The aim of the Super Circular Department Store project was to reimagine waste materials as a valuable local resource by exploring how department stores could create marketable stock from their own refuse.
The five-piece collection, which includes two candles, two table lamps and one vase, was made using scrap wax, steel and acrylic sourced from Selfridges‘ Oxford Street store and the surrounding area.
The products were completed with components from local suppliers, including LED bulbs by London-based lighting brand Tala, before going on sale in the same shop.
“We’ve designed this collection of homeware to be representative of a new model of super local, super circular production,” said GoodWaste.
“As with any department store, Selfridges manages large amounts of waste through store fit-outs, temporary brand concessions and packaging,” the studio continued. “With their help, we started to investigate the material flows of the store.”
“We believe in real and actualised solutions wherever possible, so it was imperative for us that the project culminated in a real collection of products that went on sale to the public at reasonable prices.”
GoodWaste recycled steel sheeting from a former Selfridges concession stand to make the Dot and Slot table lamps, which take their names from the different perforations that are punched into the metal.
The studio decided to turn the scrap steel into lights after seeing the alluring shadows that were cast through the cut-outs.
Each lampshade was welded into shape and painted in either white or cobalt blue, with the Dot design resembling an upside-down taco shell.
GoodWaste assembled the items using only the reclaimed sheets of steel and standard electric components to ensure all attention remains on the waste material itself.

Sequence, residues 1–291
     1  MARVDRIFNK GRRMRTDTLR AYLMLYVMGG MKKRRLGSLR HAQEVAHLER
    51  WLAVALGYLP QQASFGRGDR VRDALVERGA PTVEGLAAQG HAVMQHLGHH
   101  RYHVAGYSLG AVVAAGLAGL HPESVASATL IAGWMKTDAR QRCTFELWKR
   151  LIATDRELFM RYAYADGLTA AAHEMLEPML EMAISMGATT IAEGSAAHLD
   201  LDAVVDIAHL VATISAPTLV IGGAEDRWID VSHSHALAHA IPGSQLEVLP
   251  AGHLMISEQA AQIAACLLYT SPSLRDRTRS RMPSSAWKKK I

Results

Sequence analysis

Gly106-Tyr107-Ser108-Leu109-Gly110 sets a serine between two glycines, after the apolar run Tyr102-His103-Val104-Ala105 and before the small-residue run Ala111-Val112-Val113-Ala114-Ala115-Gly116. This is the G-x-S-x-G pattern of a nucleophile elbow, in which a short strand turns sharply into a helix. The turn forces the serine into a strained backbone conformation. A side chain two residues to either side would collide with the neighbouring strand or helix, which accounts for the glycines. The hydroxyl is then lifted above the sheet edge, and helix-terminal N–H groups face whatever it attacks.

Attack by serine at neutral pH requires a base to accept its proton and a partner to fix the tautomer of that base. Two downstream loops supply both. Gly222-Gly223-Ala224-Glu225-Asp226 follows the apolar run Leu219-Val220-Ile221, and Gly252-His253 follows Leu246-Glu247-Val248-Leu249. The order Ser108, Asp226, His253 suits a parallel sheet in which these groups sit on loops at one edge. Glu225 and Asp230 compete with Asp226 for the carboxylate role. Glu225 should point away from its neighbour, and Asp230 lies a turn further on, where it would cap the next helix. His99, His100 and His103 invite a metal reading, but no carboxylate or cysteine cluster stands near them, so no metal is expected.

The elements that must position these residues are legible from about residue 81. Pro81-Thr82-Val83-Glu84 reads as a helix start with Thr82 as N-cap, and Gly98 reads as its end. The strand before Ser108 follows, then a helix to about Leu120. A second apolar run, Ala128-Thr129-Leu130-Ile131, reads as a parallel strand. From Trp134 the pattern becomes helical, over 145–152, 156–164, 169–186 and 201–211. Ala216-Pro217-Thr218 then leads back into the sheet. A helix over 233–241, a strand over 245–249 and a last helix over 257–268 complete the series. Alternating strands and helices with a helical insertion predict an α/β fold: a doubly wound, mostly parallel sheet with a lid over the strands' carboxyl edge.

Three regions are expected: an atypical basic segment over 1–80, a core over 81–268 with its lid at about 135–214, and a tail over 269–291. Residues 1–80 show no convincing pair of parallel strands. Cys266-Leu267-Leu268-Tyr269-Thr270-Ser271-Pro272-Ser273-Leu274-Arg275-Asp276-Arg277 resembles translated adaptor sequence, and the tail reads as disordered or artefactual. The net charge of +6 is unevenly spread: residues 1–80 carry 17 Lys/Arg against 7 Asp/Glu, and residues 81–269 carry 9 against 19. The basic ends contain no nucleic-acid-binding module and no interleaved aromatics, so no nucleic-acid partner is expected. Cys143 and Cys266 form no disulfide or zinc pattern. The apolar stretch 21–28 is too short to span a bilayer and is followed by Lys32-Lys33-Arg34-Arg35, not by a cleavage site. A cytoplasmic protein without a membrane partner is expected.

All parts of the lamp can be unscrewed for recycling or reuse in other designs once the lamp has reached the end of its life.
Offcuts of Corian surfacing, taken from disused Selfridges display boxes, were CNC cut and heat formed to create the ribbed Bora vase, with its dented shape designed to represent “the revival of the material from the skip to the shop floor”.
The Crack candles were made from waste wax donated by churches and restaurants from the area around Oxford Street.
The candles, which are designed to be snapped in two, mimic the natural breaks and raw edges of stone.
“We believe the beauty of the collection lies in the way in which each product celebrates its own provenance,” said GoodWaste. “Each design is highlighting the source material, the waste, through its form.”
“Unlike most sustainability projects, which focus on plastic alternatives and highly refined, often energy-intensive new materials, we are effectively saying: look how little you have to do to go from waste to useful, ugly to beautiful,” the studio added.
“While materials are cleaned, cut and formed, they are not reconstituted, broken down to almost nothing or held together with questionable binders. It’s a direct, honest approach.”
Other products also nominated in the category include a collection of graphic tapestries designed for people with colour blindness and everyday hardware items that have been upcycled into quality homeware by The Misused.